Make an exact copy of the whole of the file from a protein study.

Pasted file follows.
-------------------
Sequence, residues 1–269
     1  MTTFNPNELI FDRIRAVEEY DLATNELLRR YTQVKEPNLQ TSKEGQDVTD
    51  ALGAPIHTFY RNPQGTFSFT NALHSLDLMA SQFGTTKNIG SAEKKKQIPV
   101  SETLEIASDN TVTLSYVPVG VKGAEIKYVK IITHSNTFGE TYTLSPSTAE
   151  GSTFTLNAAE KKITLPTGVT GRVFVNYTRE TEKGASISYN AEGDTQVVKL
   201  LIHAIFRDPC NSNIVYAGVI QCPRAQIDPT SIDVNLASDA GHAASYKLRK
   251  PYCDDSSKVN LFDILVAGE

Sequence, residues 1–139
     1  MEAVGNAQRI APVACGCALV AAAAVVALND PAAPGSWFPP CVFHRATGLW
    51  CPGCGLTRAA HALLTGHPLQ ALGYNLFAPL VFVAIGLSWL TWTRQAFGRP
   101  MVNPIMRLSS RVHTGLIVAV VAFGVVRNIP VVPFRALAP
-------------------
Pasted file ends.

Sequence, residues 1–269
     1  MTTFNPNELI FDRIRAVEEY DLATNELLRR YTQVKEPNLQ TSKEGQDVTD
    51  ALGAPIHTFY RNPQGTFSFT NALHSLDLMA SQFGTTKNIG SAEKKKQIPV
   101  SETLEIASDN TVTLSYVPVG VKGAEIKYVK IITHSNTFGE TYTLSPSTAE
   151  GSTFTLNAAE KKITLPTGVT GRVFVNYTRE TEKGASISYN AEGDTQVVKL
   201  LIHAIFRDPC NSNIVYAGVI QCPRAQIDPT SIDVNLASDA GHAASYKLRK
   251  PYCDDSSKVN LFDILVAGE

Sequence, residues 1–139
     1  MEAVGNAQRI APVACGCALV AAAAVVALND PAAPGSWFPP CVFHRATGLW
    51  CPGCGLTRAA HALLTGHPLQ ALGYNLFAPL VFVAIGLSWL TWTRQAFGRP
   101  MVNPIMRLSS RVHTGLIVAV VAFGVVRNIP VVPFRALAP